“I made the decision to go into elementary education because I liked the way sisters lived in a parish convent and were part of the whole parish. I also come from a family of teachers. My brother, my sister-in-law, my niece, my grand niece and my brother-in-law teach at different levels. I eventually decided I wanted to teach history and I changed over to secondary education,” she said.
Current events in the 1960s encouraged her interest in history: the assassinations of Robert Kennedy and Dr. Martin Luther King Jr. and the Civil Rights movement. She likes to share her personal experiences.
When students start talking about the urban riots, Sister Mary Ann remembers hearing sisters say “things were OK because the National Guard was in their back yard.”
“I try to bring in my own experience and try to get them interested in their own family’s role in history and how much it is really their story and not just about other people,” Sister Mary Ann said. “I always tell my students that whatever happens in history never really ends, it just kind of ripples out. I try to get them to understand that the reason we study history is to understand the way we are today.”
Sister Mary Ann teaches at Cathedral High School in Indianapolis where she has been since 1980.
“I’m lucky. I have mostly honors level students. I find the kids very cooperative. We pray at the beginning of each class. I ask the kids who they would like to pray for. We always have five, six or seven requests for grandparents, friends; everything from that it won’t rain on our track meet to a grandparent who was just diagnosed with cancer,” she said.
Prayer is also central to Sister Mary Ann’s life.
“Especially the Eucharist,” she said. “The Eucharist is pretty much the center of my prayer life. I really miss it when I don’t get to do it. I think I really got that growing up with the Sisters of Providence. It’s a challenge to have time for personal prayer as a secondary teacher. Generally, my personal prayer time is before I go to bed.”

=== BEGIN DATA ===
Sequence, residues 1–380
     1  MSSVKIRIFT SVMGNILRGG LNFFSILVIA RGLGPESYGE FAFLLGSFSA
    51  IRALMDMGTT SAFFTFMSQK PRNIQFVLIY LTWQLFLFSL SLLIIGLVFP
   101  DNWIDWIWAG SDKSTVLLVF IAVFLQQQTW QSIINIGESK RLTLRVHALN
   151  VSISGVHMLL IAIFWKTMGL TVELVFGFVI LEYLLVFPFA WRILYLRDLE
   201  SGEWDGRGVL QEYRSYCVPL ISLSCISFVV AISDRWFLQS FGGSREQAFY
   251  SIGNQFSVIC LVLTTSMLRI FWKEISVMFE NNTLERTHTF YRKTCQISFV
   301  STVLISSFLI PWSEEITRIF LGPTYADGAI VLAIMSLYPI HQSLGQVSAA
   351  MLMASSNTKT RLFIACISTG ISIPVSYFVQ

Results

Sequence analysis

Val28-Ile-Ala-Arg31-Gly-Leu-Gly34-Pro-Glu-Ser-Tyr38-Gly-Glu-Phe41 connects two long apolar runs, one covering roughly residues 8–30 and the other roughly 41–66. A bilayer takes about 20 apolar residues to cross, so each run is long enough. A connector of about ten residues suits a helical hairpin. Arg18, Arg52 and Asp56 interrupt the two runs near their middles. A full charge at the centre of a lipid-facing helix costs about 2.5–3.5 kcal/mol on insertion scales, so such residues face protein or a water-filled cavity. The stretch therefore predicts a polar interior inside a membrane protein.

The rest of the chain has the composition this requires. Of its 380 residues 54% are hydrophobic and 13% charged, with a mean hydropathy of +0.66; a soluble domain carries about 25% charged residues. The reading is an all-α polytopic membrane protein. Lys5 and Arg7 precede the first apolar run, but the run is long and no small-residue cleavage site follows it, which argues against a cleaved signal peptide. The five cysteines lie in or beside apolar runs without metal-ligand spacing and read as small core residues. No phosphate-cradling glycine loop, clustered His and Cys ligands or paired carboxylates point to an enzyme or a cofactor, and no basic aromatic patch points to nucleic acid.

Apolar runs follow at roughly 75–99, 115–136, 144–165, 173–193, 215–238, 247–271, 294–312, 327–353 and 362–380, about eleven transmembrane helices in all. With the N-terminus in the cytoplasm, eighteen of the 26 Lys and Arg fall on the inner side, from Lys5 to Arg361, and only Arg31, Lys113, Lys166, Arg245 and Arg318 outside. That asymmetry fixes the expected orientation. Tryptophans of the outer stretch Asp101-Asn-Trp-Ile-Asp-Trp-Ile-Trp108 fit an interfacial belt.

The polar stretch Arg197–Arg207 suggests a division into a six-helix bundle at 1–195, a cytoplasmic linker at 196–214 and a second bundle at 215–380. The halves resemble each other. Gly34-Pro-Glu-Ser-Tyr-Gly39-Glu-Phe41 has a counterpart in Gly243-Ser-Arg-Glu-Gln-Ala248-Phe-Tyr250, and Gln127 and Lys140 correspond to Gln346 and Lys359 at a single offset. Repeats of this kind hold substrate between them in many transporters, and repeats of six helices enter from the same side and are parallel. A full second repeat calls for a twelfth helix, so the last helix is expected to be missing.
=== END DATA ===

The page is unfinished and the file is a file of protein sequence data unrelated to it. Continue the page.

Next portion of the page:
Community living within the Congregation also is important for Sister Mary Ann.
“I’ve been fortunate enough to live in a pretty supportive local community most of my religious life. I enjoy the relationships you form with people who have the same ideals and share prayer life. Some of us go to Mass together on Saturday night, then out to dinner together, and we just share our ministries, the hard things and the good things,” she said. “We also share prayer together after supper most evenings.”
Sister Mary Ann feels fulfilled with her Sisters of Providence life.
“Yes, it has been good for me. Yes, I would do it again. No, it was not what I expected,” she said. “I have hope for the future that religious life is going to continue. The high point of my life in the Congregation was the canonization (of Saint Mother Theodore Guerin), and before that, the beatification of Mother Theodore. We need young women who are willing to be Mother Theodores all over again. Her spirit is still very much alive in the Congregation.
Favoritespizza toppings: mushrooms, green peppers, onions
quote: “Those who don’t know history are destined to repeat it.” -Edmund Burke
author: David Halberstam
hero/heroine: Saint Mother Theodore Guerin
comic strip: “Mutts”
actor/actress: Dame Judi Dench
web site: www.familysearch.org
book: The Brother Cadfael mystery series by Ellis Peters (Edith Pargeter)
movie: “Meet the Parents”
tv show: Extreme Makeover Home Edition
vacation spot: Ocean Isle Beach, North Carolina
music: anything by the Celtic Woman group